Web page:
Adventures in Couchsurfing

For those unfamiliar with Couchsurfing it is a global network of travellers which are either prepared to offer a place to sleep or looking for some accommodation. It provides thousands of people with a cheap place for the night and often some great tips within the destination too.

Couchsurfing in Yurts in Corte Corsica on Mallory on Travel, adventure, photography

Mariani Yurt near Corte in Corsica, France

There are some considerations to be taken into account before setting off intending to Couchsurf as a budget option.

Those seeking a place to lay their head for a night obviously need to adjust their expectations.  Accommodation ranges from anything from a place on the floor, a comfortable bed, a hammock outside or as I have experienced a yurt in the grounds of a Baron’s chateau.

Cheap accommodation is not the only benefit however, there is the opportunity to meet great people with similar interests that can often become friends for life.

Members of the couchsurfing community that live in a particular city are a great sources of information that makes perfect sense to ‘tap’ into. Even if they are unable to offer a bed, it is always worth contacting and hopefully meeting them. Advice about places to visit, nightlife, public transport availability and reliability will be readily available. They can also possibly connect you with other couchsurfers. Nobody knows their city better than a local.

When travelling solo it can also provide some welcome company during the trip, a companion for a coffee or even a night out on the town. It can often be the start of a great long-term friendship, with many travellers that meet via the couchsurfing route keeping in touch regularly for many years to come.

Kasbah in Ouarzazate, Morocco on Mallory on Travel, adventure, photography

Patio in Morocco

I have been fortunate to have enjoyed a number of great experiences and met even more amazing people whilst travelling and several of these have been the result of couchsurfing. Many of these new-found friends left an indelible mark upon me and still keep in touch now.

I have even stayed with a genuine Baron in Corsica, his Chateau  is near Corte, an eccentric with scores of eco-friendly ideas for his land. A proud Frenchman but an even prouder Corsican. There was a constant flow of scouting groups in and out, they were not charged for their stay but completed several cleaning up tasks around the site during their visit.

Couchsurfing hosts usually do not allow their guests to stay for more than one or two days but altogether I remained there for ten days. Initially sleeping in a yurt on my own which was extremely cool but as the weather was so great moving outdoors to a hammock, still all to myself however (unfortunately).

There were also three family groups there, friends of the Baron but they all really made me feel a part of the party. We enjoyed some late night drinking until the early hours, resolving the problems of the World. They insisted on me joining them for all meals, keeping me well fed and inviting me to trips down to the town and swimming in the local river. Like any good couchsurfer though I did make dinner for them all one evening, this is good etiquette within the community.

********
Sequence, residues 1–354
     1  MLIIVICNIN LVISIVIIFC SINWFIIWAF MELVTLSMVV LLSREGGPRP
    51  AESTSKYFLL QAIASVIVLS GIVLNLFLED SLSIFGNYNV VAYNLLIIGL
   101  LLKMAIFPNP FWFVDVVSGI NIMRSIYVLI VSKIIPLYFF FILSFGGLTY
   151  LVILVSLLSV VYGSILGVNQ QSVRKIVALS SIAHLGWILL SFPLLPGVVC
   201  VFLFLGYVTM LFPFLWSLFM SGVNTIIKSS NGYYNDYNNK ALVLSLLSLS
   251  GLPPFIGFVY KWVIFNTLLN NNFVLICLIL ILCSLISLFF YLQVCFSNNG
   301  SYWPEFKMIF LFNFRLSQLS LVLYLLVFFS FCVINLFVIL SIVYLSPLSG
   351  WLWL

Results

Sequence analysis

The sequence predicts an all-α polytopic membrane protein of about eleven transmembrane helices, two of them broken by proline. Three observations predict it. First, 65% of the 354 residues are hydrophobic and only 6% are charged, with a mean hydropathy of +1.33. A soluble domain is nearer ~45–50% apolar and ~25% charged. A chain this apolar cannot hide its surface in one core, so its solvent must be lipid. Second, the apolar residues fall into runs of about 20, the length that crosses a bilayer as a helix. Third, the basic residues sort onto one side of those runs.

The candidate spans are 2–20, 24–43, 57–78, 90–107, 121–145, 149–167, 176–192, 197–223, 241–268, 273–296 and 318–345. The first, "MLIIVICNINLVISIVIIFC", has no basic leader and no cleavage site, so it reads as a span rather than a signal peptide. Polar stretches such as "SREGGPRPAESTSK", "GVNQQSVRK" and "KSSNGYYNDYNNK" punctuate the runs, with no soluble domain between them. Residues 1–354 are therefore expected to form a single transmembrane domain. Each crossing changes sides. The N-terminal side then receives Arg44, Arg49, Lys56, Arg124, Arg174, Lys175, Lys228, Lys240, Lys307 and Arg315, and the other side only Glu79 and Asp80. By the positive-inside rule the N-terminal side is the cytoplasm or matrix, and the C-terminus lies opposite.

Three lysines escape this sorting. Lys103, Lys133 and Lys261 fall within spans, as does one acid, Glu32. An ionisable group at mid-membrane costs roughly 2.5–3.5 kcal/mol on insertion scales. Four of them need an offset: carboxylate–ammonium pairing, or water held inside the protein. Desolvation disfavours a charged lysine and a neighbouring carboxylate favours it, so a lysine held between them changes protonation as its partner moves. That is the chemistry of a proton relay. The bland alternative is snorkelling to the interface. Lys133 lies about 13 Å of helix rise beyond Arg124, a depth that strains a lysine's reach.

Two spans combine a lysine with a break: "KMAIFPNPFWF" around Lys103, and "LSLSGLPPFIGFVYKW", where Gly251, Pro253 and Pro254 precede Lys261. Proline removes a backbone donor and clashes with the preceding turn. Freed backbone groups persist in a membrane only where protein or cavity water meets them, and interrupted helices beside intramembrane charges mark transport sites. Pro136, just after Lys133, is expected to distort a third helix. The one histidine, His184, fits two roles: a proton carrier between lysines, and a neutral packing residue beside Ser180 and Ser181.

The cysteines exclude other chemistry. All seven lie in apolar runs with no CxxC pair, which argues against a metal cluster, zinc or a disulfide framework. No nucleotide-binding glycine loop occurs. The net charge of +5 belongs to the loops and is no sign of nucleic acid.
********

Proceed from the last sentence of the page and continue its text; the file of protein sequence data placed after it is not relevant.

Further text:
It was a hardship to leave, they even reminded me about my birthday when I had forgotten it. However there are now another three new places for me to stay when travelling within France.

Not all couchsurfing experiences are so much of an adventure as this,  include a Chateau or as exciting as sleeping in a yurt. So far however there have not been any ‘bad’ trips, whether it has been just sharing a coffee and a chat, getting a guided tour around the city or a decent and cheap night’s sleep they have all added to the trip.

I have slept on floors, hung my hammock in the garden, slept in an attic with a view of glorious scenery, been the guest of a Baron and slightly less high born hosts but their hospitality was never any less gracious. It is unimportant where or with whom we stay the only important thing worth remembering is that these hosts have given up a little piece of their homes to you.

There is a bond of understanding and kinship which travellers share and by providing a place for others to sleep when they are able to do so is a great expression of this comradeship.

French villa in the Aveyron region of the Midi-Pyrenees on Mallory on Travel, adventure, photography

Don’t expect too much!

I mentioned the etiquette involved earlier, it is good practice to return the favour and ‘pay back’ your host for their hospitality. This can merely mean, buying a good bottle of wine to share, do some chores around the house or offer dinner one evening before departing.

These can often provide the lasting memories and are always greatly appreciated by the host. Cooking dinner for three families became interesting; gröstle seemed easy but on the camp stove provided for the task proved a little more difficult than anticipated.

On more than one occasion sharing a bottle of wine has turned into a full on party with a number of the friends of the host turning up with the right ‘attitude’ for a good time.

This also brings up the obvious question of possible couchsurfing romance; what happens in couchsurfing stays in couchsurfing! I am considering however writing a thesis on the aphrodisiac qualities of a bottle of wine. Personally a great many adventures and misadventures are the result of a little wine or alternative refreshment.

There has been plenty of excitement on the road whilst surfing the couches of the Planet and this is reason enough for me to continue. I look forward to many more adventures in couchsurfing in future.